I had fun with this part. I like plugins. I am a bit of a gadget geek and I have to continually practice restraint on my blogs. I simply want every plugin in the world!
While viewing my “waterfalls” on Pingdom, I noticed my social share plugin was a real drag. I swapped it out for a couple of others that I had used in the past, and didn’t see much of an improvement.
Then I installed the Digg Digg Share Bar now owned by Buffer. It has lazy loading which I love. Doesn’t slow down my site to load anything. Definitely saw an improvement there.
I did have to forfeit a bit of design options. I liked that I could add color to my social share bar and the splash of color it added to my site – but I prefer the ability to speed up WordPress. Also, I liked that me share bar now has Buffer and Pinterest. Nice!
Speed Up WordPress Plugins
After that, I found another awesome plugin that I am a BIG fan of. P3 (Plugin Performance Profiler).
With this, I scan my plugins and see how each one affects my site. On my first scan, I found a few offenders that I was unaware of.
As you can see on the image to the right, my plugins had a major impact on my loading time. 81.8% of my page load time was plugins! There is no way I can get my loading time to around one second if it takes over over a second just to load my plugins.
The plugin with the largest impact was “Viper Proof”. Bummer. I really liked this plugin. Unfortunately, as much as I liked it, it had to go for now. Maybe a version will come out soon that will be less impacting.
The next plugin doing the most impact was Jetpack plugin from WordPress. I don’t use the benefits of Jetpack to justify having it, so it was deactivated as well. Not worth forfeiting the chance to speed up wordpress.
The third largest was CommentLuv Premium, which there is NO WAY I was getting rid of, so that stayed. There is NO way I am having a social media focused blog without it. I love to go to ComLuv+ blogs and I love to offer my readers ComLuv+ options in their comments. I personally have to have it.
My fourth largest plugin demand was Akismet. I am experimenting with it activated and deactivated. I may not need it because CommentLuv Premium may discourage spammers for me sufficiently. At the moment, it is deactivated, though I may turn it back on.
Speed Up WordPress Plugins After
In my first post on this blog, I shared the plugins I am currently using. In my efforts to speed up WordPress since this first post, my plugins have changed a bit.
- Akismet – DEACTIVATED
- CommentLuv Premium*
- Easy WP SEO*
- Flickr Photo Post – DELETED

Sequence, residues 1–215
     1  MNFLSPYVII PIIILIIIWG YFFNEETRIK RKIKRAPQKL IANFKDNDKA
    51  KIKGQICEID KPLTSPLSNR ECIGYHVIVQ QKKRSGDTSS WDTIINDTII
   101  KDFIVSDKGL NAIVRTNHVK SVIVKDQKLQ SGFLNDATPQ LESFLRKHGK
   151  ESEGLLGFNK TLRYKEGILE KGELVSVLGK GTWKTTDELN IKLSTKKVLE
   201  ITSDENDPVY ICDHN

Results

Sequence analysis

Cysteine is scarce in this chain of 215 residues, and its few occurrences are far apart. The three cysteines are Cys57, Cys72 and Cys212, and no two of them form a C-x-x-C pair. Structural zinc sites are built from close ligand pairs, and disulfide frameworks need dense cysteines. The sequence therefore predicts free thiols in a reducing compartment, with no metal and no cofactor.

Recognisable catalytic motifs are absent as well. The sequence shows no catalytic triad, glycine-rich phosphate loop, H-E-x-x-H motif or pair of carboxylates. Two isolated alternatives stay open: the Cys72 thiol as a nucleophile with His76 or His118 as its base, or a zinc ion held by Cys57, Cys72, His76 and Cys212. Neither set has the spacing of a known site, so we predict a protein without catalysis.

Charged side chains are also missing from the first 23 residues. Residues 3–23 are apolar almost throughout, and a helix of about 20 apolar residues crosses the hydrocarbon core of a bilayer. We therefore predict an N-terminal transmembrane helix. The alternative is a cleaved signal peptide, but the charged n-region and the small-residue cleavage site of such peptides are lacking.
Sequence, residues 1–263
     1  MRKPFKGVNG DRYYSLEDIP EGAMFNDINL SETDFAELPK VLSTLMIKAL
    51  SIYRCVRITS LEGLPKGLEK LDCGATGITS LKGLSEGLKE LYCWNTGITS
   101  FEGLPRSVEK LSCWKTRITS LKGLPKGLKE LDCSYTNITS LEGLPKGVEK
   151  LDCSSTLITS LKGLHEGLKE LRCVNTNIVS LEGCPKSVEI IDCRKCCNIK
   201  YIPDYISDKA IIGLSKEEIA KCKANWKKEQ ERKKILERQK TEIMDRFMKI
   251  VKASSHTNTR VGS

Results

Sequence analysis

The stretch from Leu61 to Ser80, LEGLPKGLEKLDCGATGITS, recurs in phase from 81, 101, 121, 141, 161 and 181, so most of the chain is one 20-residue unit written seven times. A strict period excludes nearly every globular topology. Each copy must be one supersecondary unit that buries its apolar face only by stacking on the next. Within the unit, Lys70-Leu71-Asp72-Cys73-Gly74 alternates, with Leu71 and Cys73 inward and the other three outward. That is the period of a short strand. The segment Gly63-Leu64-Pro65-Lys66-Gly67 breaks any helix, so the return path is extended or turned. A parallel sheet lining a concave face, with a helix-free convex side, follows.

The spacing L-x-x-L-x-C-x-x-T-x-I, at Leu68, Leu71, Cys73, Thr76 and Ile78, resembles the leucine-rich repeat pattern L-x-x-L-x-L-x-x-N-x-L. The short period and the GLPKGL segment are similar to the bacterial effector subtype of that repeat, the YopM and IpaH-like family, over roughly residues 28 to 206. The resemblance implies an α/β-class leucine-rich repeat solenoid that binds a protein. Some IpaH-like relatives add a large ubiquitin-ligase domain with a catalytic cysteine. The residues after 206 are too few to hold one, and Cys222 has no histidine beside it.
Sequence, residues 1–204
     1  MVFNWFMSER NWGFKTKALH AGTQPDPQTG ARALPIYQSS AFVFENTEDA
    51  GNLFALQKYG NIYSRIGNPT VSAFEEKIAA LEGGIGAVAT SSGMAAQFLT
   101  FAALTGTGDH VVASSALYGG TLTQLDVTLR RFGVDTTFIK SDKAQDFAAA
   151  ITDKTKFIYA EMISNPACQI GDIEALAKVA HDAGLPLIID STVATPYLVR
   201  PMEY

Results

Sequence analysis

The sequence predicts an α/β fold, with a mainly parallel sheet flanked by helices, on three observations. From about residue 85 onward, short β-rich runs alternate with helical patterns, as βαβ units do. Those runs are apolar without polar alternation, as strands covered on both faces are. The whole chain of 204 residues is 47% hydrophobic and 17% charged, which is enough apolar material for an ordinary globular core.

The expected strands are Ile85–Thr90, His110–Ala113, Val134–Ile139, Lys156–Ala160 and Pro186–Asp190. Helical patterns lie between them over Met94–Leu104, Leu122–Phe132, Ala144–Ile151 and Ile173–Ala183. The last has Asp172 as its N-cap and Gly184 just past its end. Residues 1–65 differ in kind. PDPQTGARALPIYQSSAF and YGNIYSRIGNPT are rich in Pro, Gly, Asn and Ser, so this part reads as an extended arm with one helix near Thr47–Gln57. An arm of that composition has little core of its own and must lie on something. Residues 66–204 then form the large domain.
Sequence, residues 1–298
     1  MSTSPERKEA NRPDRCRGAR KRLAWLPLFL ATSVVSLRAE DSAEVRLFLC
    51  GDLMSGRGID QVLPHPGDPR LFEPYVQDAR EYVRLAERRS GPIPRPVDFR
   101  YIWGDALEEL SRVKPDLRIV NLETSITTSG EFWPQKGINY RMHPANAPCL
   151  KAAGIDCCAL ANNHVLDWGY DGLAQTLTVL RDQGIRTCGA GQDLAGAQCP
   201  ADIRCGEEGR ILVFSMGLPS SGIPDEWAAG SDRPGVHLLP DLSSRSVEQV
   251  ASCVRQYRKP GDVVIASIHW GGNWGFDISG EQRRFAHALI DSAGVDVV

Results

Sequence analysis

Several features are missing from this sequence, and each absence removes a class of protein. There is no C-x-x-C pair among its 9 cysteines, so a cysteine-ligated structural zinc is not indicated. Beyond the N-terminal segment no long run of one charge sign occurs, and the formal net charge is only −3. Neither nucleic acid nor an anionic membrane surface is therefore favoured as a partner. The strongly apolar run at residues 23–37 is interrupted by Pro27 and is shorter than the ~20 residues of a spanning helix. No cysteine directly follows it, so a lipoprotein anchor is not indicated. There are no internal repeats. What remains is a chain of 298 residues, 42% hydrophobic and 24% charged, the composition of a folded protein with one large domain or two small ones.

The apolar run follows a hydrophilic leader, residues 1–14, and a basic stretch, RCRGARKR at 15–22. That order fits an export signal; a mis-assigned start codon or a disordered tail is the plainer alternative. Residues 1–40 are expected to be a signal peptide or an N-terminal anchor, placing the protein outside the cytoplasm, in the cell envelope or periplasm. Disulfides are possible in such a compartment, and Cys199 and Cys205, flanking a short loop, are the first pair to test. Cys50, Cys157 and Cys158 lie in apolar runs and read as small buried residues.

- Google Analytics for WordPress
- JetPack – DEACTIVATED
- ManageWP Worker – DELETED
- TF Social Share – REPLACED WITH DIGG DIGG
- W3 Total Cache
- WordPress Editorial Calendar – DELETED
- WordPress SEO
- Yet Another Related Posts Plugin – DELETED
Some plugins that have been added since this original setup:
- Dashboard Luvvers Widget
- Digg Digg
- FV Gravatar Cache – To Speed Up WordPress
- Meta Robot – Deactivated
- P3 Plugin Performance Profiler – To Speed Up WordPress
- Social Media Metrics
- Viper Proof – Deactivated
- WordPress Ping Optimizer
- WP-DB Manager – To Speed Up WordPress
- WP Smush It – To Speed Up WordPress
Speed Up WordPress by Optimizing My Database
I installed WP-DBManager to optimize my database. I don’t know if this is the best plugin for this or not – but it certainly seemed to do the job for me. I like that I can get a backup of my database. I also like that it will run on a schedule to keep my database tidy.
SPEED UP WORDPRESS BASELINE RESULT CHANGES:
A few things holding me back in my efforts to speed up WordPress/optimize WordPress
- Some of these don’t have expirations in the headers
- Some of these don’t have optimized images
- Some of these don’t have minified files
I don’t know how hard these things are to do, since I don’t program. I just know that most of the things that fail on Page Speed and YSlow are third party program issues.
Things I may tackle later but not now:
- Cookie free domain
- Use CSS Sprites for my images
- Try to get my grades higher in YSlow and Google Page Speed
If I do any of these things later to speed up wordpress I will let you know!
If you have any questions about what I did, please let me know in the comments!! Thank you so much! Good luck in your efforts to speed up WordPress and I hope this helped! If you have any questions about what I did, please ask them in the comments!